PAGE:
The cab miraculously arrives on time and off you go, mentally running through all your check-lists again and again. You feel somewhat relieved in knowing that at this point, you’ve done as much preparation as you can, so now it’s just go-time. That’s when you notice your cab slowing down. You peer out the window to see a field of red brake lights and exhaust pipes. 

What the…?

You pull out your phone. Google maps showed no traffic before you left, but now, to your horror, you watch as it becomes orange, then red. Well shit.

You feel your pulse quicken and your breathing becomes more shallow. Your whole body becomes tense. You suggest to the taxi driver that maybe he could take an alternative route but the car is smackdab in the middle of traffic, and there’s no way he’s moving without all the other cars around him moving first.

Your mind is racing in 1000 different directions. What if we can’t get out of this? What if I miss my flight? What if there aren’t any other flights leaving today? Even if I make the flight, what if my baggage doesn’t? If I can’t get out the next day is my trip ruined? Should I call the airline now and see if I can shift my seat? Should I get out now and try to walk to a different street? Surely it would be faster to walk at this point. Do I cancel the trip? Agh! What do I do?! Why does this always happen to me?!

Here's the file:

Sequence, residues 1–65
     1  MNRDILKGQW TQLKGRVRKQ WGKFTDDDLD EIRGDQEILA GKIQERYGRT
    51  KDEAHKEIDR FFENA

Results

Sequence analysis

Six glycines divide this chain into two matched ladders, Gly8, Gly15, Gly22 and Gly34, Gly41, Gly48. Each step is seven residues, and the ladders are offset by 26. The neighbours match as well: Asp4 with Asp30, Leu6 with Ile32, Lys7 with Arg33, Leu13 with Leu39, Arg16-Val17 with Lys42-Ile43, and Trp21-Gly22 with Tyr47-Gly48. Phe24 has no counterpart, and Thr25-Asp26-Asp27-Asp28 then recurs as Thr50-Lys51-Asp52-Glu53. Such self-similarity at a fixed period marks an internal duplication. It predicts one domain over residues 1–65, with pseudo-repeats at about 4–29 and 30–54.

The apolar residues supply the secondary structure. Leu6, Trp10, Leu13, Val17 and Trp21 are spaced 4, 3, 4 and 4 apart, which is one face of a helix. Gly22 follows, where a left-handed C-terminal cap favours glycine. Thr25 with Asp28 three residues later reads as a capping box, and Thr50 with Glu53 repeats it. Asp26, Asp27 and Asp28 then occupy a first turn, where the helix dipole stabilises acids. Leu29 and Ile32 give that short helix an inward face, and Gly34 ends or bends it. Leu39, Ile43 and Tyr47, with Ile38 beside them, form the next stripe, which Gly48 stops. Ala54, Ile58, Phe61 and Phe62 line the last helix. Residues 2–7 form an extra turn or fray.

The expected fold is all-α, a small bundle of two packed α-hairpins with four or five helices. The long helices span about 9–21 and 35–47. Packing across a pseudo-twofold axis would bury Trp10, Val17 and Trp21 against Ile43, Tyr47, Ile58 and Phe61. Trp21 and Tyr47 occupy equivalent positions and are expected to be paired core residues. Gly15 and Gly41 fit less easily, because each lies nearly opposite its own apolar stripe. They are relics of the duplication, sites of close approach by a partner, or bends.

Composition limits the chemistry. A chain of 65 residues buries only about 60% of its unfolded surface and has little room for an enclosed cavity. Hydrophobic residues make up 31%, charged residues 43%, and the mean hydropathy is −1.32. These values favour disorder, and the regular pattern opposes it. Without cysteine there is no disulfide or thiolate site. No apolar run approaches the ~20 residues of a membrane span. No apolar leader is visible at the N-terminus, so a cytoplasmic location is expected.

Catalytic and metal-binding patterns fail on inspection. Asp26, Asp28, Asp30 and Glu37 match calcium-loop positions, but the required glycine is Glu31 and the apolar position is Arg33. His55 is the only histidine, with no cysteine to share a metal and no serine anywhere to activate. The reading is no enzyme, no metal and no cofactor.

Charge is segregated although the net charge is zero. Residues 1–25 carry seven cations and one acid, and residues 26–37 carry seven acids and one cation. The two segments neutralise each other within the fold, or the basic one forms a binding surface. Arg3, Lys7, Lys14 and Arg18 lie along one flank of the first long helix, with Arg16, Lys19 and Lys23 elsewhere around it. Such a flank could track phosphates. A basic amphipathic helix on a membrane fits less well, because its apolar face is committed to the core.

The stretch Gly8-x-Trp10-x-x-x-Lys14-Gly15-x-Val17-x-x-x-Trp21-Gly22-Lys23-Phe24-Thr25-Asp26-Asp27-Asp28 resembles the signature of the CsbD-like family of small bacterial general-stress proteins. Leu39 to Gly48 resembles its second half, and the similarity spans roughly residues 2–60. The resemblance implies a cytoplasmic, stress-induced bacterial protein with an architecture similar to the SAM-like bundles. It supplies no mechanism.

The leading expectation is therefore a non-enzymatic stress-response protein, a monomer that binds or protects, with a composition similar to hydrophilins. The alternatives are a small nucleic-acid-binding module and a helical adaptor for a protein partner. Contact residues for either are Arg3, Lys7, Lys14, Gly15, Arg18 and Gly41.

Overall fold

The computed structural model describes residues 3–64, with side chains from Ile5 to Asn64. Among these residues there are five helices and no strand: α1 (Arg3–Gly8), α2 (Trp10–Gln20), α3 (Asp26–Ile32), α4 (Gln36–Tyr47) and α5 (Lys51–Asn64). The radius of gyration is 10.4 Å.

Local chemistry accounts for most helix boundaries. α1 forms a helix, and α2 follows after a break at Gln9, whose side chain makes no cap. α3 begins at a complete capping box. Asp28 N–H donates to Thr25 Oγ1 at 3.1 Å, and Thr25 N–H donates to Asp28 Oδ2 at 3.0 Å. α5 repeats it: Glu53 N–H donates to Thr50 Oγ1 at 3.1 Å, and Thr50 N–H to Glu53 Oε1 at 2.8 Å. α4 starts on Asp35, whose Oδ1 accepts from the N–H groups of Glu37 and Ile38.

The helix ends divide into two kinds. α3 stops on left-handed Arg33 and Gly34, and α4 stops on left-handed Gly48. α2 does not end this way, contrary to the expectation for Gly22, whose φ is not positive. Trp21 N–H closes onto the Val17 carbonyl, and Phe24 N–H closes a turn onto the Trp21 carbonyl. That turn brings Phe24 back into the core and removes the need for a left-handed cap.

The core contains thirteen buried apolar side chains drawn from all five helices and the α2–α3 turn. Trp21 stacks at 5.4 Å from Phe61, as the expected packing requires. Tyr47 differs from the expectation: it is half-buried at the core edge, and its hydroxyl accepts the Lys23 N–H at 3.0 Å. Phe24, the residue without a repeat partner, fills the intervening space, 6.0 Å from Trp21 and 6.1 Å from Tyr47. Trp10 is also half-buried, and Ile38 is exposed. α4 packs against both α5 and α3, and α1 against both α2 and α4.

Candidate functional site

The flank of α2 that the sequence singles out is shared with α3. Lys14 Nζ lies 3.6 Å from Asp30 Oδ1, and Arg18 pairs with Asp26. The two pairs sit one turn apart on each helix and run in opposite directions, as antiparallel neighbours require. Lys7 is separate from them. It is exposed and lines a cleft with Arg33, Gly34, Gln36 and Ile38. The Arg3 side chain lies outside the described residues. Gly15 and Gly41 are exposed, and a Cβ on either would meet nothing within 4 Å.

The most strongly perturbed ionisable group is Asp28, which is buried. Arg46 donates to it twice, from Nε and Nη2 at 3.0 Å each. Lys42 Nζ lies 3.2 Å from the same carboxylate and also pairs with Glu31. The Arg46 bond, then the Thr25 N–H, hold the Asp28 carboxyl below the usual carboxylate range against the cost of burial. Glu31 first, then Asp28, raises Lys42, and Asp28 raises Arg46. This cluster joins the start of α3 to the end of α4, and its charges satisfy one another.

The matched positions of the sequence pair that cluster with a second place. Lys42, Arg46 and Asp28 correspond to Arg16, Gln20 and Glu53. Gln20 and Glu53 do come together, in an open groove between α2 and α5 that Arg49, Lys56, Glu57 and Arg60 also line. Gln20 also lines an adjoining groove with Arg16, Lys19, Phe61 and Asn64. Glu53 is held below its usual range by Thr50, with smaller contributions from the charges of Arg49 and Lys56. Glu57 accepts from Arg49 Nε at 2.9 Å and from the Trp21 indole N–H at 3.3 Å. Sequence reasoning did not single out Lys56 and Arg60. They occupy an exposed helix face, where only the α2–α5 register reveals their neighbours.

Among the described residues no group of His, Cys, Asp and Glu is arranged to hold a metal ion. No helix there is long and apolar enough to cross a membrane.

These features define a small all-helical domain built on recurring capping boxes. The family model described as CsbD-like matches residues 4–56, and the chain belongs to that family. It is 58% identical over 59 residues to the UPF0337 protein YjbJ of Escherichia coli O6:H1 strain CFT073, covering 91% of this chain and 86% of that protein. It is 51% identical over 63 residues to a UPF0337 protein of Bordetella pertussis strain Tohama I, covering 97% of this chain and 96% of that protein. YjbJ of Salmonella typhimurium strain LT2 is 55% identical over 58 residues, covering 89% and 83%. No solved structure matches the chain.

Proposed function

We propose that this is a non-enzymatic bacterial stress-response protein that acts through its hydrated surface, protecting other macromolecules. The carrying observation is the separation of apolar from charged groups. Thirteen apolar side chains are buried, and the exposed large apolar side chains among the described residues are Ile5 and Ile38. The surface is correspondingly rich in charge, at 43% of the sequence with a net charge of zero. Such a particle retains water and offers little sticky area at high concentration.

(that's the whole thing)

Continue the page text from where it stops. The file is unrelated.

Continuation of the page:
Want to know what you should do?

It’s fairly straight forward. One of the most common anxiety/stress-relieving suggestions there is.

Ready for it?

Just Breathe.

What? That’s it? That’s Bogus!! That doesn’t fix anything!

You’re right. Breathing doesn’t necessarily fix anything. It won’t magically get rid of traffic and it won’t hold your flight for you. But it will do something I consider fairly magical.